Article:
Monday, April 25, 2016

Book Review: The Winner's Kiss

Title: The Winner's Kiss
Author: Marie Rutkoski
Series: The Winner's Trilogy #3
Genre: YA Fantasy/Romance
Release Date: March 2016

Source: I borrowed a physical copy from the public library
Purchase from Amazon
Add to Goodreads

Goodreads summary:

War has begun. Arin is in the thick of it with untrustworthy new allies and the empire as his enemy. Though he has convinced himself that he no longer loves Kestrel, Arin hasn’t forgotten her, or how she became exactly the kind of person he has always despised. She cared more for the empire than she did for the lives of innocent people—and certainly more than she did for him.

At least, that’s what he thinks.

In the frozen north, Kestrel is a prisoner in a brutal work camp. As she searches desperately for a way to escape, she wishes Arin could know what she sacrificed for him. She wishes she could make the empire pay for what they’ve done to her.

But no one gets what they want just by wishing.

As the war intensifies, both Kestrel and Arin discover that the world is changing. The East is pitted against the West, and they are caught in between. With so much to lose, can anybody really win?

My review:

This is the final book, so I'm skipping over the summary.

I love Arin. He's wonderful and compassionate and so forgiving and selfless.

Oh, and the politics and intrigue! Oh this story ended so well! I don't want to go into anything that would give the story away, but I do want to highlight what made me rate this installment higher than the previous two.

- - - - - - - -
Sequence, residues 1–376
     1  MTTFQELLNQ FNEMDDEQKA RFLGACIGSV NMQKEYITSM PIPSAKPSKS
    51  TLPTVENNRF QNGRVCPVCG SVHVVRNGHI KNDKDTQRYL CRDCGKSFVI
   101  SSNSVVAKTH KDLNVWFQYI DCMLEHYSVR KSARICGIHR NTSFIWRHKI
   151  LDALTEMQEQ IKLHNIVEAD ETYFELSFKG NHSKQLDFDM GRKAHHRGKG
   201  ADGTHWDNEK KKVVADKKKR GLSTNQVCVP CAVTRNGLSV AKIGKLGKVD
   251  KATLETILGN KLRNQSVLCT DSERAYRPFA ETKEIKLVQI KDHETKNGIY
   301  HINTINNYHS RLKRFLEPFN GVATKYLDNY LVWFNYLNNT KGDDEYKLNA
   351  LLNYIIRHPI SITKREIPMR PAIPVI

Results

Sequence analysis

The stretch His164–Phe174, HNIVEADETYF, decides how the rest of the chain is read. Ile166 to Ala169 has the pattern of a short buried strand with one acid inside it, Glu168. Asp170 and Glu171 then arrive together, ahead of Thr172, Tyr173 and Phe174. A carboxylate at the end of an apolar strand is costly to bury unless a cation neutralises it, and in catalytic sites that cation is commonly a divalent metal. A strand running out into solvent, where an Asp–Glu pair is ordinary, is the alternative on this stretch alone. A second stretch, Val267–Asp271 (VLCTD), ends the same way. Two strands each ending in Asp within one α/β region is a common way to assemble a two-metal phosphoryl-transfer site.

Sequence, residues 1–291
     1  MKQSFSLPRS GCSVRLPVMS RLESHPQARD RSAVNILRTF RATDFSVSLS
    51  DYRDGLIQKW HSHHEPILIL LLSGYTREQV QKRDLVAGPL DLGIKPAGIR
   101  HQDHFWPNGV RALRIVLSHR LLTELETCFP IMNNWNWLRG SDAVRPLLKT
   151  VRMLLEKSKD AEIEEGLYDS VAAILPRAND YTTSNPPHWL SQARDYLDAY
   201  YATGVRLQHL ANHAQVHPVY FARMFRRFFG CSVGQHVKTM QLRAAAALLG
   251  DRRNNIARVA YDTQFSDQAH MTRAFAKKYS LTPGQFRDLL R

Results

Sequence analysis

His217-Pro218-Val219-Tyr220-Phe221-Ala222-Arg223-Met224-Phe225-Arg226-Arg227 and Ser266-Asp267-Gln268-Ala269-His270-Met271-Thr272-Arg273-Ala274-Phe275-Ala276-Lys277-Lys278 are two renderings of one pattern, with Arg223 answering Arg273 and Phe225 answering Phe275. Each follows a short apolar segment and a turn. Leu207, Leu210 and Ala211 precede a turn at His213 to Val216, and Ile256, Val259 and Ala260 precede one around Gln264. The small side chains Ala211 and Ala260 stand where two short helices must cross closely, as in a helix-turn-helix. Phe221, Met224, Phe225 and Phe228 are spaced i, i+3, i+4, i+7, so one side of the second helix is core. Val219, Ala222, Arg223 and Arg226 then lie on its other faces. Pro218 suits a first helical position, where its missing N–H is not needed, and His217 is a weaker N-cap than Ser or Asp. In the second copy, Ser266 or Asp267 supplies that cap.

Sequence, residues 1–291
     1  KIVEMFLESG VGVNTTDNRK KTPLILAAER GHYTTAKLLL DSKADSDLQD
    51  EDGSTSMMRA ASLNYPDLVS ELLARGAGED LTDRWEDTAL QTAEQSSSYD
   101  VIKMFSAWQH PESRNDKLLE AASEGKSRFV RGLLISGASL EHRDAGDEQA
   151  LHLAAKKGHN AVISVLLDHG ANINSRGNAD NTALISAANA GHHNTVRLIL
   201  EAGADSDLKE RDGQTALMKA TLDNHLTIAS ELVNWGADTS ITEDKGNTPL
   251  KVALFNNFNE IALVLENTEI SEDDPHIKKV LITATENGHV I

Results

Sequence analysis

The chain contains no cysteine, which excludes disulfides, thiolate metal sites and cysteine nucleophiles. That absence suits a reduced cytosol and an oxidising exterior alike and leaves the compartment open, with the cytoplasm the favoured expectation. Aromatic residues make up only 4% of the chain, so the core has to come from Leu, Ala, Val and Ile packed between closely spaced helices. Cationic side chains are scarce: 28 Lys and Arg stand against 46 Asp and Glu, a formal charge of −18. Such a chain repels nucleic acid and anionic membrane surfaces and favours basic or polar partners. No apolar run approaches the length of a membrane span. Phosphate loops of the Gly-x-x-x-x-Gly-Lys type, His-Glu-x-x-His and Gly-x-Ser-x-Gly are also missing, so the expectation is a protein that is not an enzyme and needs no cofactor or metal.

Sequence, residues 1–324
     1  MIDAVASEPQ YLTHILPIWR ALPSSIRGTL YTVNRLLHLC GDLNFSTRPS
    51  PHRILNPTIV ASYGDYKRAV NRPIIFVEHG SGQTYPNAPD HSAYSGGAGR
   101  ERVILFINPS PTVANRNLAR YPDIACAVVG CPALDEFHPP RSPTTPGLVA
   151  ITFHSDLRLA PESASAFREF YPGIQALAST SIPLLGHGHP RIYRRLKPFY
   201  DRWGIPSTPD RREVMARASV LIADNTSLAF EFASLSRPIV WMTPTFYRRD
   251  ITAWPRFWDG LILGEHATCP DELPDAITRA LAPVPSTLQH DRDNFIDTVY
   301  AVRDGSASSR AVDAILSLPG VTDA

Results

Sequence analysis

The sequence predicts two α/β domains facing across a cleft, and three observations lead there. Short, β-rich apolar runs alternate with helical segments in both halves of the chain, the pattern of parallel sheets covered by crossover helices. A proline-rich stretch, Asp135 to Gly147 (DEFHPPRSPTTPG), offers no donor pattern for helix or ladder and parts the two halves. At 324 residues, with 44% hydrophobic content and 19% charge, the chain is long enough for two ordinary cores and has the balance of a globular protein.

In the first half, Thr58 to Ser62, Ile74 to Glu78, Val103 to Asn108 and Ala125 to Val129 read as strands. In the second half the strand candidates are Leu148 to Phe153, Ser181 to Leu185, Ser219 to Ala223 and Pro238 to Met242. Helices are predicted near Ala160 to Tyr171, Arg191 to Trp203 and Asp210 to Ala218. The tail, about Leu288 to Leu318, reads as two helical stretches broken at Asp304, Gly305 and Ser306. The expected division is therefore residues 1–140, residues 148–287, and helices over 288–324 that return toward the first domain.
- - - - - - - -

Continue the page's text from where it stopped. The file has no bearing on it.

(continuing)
Most YA series (specifically trilogies, I don't know why) end vaguely and years after the fact. Take Hunger Games. It ends about twenty years after the final act with some sense of "I feel like I can be normal but maybe not but we'll see." So many books end this way. Allegiant ended very brokenly, and while I cried in that book, I needed more concreteness. Think of it like life: we may feel broken on the inside, but life keeps going around us and we're forced to face it.

The Winner's Kiss faced it. 

The ending carried through after the final "act." It showed the weeks following the ending for the characters. Yes, there were many emotional moments of division and misunderstanding, but the characters pushed through because life wasn't waiting around for them. I love that Rutkoski let the novel keep going after the fact because that's how we all live. We get accepted into college, we land a great job, there isn't a huge stain on the shirt we pulled on in the dark without checking, and these moments make us feel victorious, but we are expected to live the way we were before.

Life goes on, and I'm so glad this story did to let us get a glimpse of how we somehow need to function in society again even though, with this series over, THERE IS NO MORE ARIN AND WHAT DO I DO WITH MYSELF?!

But read it. No, really. Die slowly on the inside with me. It's wonderful. 

Rating: 5 / 5 stars

Other posts you may like:

No comments:

Post a Comment